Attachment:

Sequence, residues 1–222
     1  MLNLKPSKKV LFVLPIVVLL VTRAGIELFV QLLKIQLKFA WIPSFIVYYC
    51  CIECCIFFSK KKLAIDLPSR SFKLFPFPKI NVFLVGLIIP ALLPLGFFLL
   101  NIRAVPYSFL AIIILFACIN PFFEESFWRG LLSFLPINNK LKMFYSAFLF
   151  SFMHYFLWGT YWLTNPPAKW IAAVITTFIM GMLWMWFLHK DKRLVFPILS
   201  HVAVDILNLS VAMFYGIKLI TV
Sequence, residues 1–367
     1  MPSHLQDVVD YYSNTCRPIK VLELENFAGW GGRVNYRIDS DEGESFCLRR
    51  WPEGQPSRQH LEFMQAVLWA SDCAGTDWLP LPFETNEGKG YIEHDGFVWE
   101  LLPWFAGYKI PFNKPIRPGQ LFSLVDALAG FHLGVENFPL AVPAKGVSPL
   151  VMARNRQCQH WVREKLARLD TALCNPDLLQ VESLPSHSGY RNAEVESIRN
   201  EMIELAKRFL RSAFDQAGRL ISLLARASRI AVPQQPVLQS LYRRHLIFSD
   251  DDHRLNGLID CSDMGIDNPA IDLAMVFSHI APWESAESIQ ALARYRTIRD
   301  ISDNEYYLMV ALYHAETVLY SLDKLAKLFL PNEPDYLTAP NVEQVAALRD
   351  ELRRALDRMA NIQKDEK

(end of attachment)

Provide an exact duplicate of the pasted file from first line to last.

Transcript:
Sequence, residues 1–222
     1  MLNLKPSKKV LFVLPIVVLL VTRAGIELFV QLLKIQLKFA WIPSFIVYYC
    51  CIECCIFFSK KKLAIDLPSR SFKLFPFPKI NVFLVGLIIP ALLPLGFFLL
   101  NIRAVPYSFL AIIILFACIN PFFEESFWRG LLSFLPINNK LKMFYSAFLF
   151  SFMHYFLWGT YWLTNPPAKW IAAVITTFIM GMLWMWFLHK DKRLVFPILS
   201  HVAVDILNLS VAMFYGIKLI TV
Sequence, residues 1–367
     1  MPSHLQDVVD YYSNTCRPIK VLELENFAGW GGRVNYRIDS DEGESFCLRR
    51  WPEGQPSRQH LEFMQAVLWA SDCAGTDWLP LPFETNEGKG YIEHDGFVWE
   101  LLPWFAGYKI PFNKPIRPGQ LFSLVDALAG FHLGVENFPL AVPAKGVSPL
   151  VMARNRQCQH WVREKLARLD TALCNPDLLQ VESLPSHSGY RNAEVESIRN
   201  EMIELAKRFL RSAFDQAGRL ISLLARASRI AVPQQPVLQS LYRRHLIFSD
   251  DDHRLNGLID CSDMGIDNPA IDLAMVFSHI APWESAESIQ ALARYRTIRD
   301  ISDNEYYLMV ALYHAETVLY SLDKLAKLFL PNEPDYLTAP NVEQVAALRD
   351  ELRRALDRMA NIQKDEK